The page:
Was chain sawing a dead Monterey Pine today & had a few basic questions

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Mike Marlow wrote, on Wed, 01 Oct 2014 07:30:42 -0400:

I don't know if it matters, or not, because I have never used a non low- kickback chain before.
I don't know when "kickback" kicks in. For example, it didn't kick in when I was cutting this dead Monterrey Pine this weekend:
https://c3.staticflickr.com/3/2946/15201608230_b84d3373ba_b.jpg
Some of those Monterrey Pine logs are wider than the 18 inch chain, so, I had to "girdle" them to cut them fully through:
https://c4.staticflickr.com/4/3883/15201608510_8e147c05e6_c.jpg
AFAIK, the saw never "kicked back" on me, but, I'm using a low-kickback chain. Would a high-kick-back chain have handled it differently?
https://c3.staticflickr.com/3/2941/15201608420_0e77d52069_b.jpg
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On 10/1/2014 7:58 AM, Danny D. wrote:

The term refers to when the operator touches the tip of the bar to the wood.
http://www.oregonproducts.com/pro/service/kickback.htm
Because of the harsh curve there, the cutting teeth are more exposed. It's possible for the bar to come flying back at you. Can be dangerous or lethal.
. Christopher A. Young Learn about Jesus www.lds.org .
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Could you explain how to use the IFR and Bird to tune the chain saw ? I have a Bird and 8924c I could use on mine. (GRIN)
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first, you have to get that chain saw moving REALLY fast.
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On Wed, 1 Oct 2014 09:58:28 +0000 (UTC), "Danny D."

It's a Husqvarna 136. My guess is about 25 years old. I got it in a trade for some repair work because it needed a new carburetor. Some cleaning and adjusting solved that problem. The repair job in the photo was just the fuel line. I got tired of replacing it and replaced it with a thicker equivalent. In order to make it fit, I had to enlarge the hole in one of the plastic parts. The required tearing it down to what you see in the photo. It was also useful for cleaning out the oily sawdust from odd corners. A simple job that ended up taking about 5 hrs work.

The engine is very different. The 445 is a reduced emissions X-torq machine which is quite different from my old 136: <http://www.husqvarna.com/us/construction/innovations/x-torq/ >Did you have a photo of the 7-tooth spur type sprocket?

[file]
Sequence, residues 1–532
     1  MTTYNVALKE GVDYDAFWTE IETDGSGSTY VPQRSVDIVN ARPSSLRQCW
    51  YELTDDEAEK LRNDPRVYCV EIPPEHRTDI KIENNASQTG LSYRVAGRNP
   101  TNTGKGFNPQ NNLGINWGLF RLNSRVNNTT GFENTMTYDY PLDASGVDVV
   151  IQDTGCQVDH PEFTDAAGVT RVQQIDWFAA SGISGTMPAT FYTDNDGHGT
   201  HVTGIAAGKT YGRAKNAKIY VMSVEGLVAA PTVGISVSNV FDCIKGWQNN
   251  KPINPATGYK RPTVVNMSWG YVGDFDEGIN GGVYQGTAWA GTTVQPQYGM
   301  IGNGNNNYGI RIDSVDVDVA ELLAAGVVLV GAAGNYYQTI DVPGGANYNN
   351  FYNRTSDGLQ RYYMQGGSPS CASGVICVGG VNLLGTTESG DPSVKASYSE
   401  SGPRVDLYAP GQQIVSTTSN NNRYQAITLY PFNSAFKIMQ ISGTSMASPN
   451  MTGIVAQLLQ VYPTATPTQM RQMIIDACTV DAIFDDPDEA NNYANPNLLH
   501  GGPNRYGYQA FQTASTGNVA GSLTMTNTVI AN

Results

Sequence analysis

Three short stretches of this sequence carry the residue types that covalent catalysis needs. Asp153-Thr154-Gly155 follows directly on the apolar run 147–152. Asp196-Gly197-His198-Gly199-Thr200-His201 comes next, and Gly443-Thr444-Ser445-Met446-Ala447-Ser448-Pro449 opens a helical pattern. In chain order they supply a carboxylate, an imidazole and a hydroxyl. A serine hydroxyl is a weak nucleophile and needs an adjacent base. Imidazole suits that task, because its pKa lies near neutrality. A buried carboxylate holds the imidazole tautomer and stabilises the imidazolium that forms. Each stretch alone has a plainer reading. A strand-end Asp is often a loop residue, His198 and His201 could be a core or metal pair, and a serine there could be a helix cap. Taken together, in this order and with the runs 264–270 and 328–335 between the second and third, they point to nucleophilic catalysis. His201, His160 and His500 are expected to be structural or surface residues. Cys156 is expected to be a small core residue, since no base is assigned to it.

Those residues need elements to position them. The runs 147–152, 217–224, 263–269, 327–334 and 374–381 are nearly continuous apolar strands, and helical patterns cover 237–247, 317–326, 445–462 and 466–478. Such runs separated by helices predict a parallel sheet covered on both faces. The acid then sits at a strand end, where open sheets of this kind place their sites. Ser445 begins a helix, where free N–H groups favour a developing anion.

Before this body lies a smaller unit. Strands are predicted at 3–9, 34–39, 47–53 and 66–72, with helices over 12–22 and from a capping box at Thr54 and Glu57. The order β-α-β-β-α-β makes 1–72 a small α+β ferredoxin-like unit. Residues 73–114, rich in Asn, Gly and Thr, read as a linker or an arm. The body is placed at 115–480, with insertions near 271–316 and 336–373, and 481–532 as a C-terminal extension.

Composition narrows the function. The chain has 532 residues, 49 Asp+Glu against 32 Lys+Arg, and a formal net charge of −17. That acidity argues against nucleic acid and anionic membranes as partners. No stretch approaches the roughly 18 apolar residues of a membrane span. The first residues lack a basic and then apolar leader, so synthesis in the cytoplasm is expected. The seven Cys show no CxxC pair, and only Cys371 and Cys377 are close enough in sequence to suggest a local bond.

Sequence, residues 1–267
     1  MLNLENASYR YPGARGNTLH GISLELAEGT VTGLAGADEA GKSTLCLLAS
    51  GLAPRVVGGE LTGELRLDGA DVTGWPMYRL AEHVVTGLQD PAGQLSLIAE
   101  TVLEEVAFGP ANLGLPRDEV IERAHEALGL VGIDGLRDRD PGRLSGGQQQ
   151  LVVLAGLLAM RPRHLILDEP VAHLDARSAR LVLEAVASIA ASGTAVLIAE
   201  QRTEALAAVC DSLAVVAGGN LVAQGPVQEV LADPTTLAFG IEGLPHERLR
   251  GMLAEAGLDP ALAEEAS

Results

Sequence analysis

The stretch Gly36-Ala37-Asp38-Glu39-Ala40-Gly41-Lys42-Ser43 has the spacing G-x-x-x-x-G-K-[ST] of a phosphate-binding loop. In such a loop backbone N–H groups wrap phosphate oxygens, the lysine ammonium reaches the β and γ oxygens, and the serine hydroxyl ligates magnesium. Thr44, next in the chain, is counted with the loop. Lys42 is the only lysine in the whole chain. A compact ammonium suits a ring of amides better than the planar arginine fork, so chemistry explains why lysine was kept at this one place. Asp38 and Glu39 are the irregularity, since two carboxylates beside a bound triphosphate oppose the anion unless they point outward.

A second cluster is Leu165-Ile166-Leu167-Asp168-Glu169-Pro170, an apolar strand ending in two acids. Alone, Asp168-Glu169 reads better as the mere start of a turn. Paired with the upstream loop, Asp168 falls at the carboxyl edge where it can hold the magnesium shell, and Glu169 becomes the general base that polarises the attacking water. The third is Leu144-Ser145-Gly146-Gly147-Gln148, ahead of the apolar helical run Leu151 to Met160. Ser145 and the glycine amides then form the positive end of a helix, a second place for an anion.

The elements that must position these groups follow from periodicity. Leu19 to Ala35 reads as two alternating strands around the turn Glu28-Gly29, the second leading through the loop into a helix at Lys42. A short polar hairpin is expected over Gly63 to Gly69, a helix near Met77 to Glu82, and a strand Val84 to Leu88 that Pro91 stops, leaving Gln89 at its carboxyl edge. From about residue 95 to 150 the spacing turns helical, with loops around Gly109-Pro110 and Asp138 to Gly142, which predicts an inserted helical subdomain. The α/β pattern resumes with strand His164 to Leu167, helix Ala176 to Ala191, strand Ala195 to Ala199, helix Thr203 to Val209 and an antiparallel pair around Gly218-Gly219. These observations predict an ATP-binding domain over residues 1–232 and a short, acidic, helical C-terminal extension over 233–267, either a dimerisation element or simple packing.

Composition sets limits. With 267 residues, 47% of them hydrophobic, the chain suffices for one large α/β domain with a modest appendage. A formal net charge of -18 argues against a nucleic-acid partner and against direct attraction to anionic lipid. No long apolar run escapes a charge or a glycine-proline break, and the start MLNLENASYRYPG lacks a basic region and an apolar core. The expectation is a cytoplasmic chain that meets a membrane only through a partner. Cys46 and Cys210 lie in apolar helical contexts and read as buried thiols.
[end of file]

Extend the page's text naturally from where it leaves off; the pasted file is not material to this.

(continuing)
That looks brand new. The sprocket doesn't have the tradition gouge down the middle from the drive links. I have a fair collection of chains for each saw (I think I have about 6 saws), each with its own matching rim sprocket. <http://www.jackssmallengines.com/Products/HUSQVARNA/Sprockets/Rim-Sprockets If you're not a heavy user (i.e. not doing logging) you probably don't need to go to such extremes. However, I like to use my chains well past the traditional point where they should be recycled, so matching the wear is required.
Incidentally, Bailey's is for professional loggers. They know just about everything there is to know about using chain saws for logging, but are not terribly interested in homeowners. Locally, you might try giving Webb's a visit: <http://webbs-farmsupplies.com >I had accidentally used a 62-drive-link 18" chain (instead of a 72-link

Something is wrong with that picture. You're suppose to have bar lube and grease just oozing out of the bar and chain. It looks dry to me.
My take on the narrow kerf bars and chains is that if you don't lube them properly, the reduced contact area between the chain and bar will ruin both somewhat faster than a standard bar and chain. I have a few narrow kerf bars in my pile that I traded out with owners because of this problem. I plan to grind the bars flat again, but haven't had the time or interest. Oddly, I've never bothered to compare the normal and narrow kerfs cutting abilities. These days, I just hire the locals to do my tree work for me. I'm getting too old for this type of exercise.
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On Wed, 1 Oct 2014 11:42:12 -0400, "Ralph Mowery"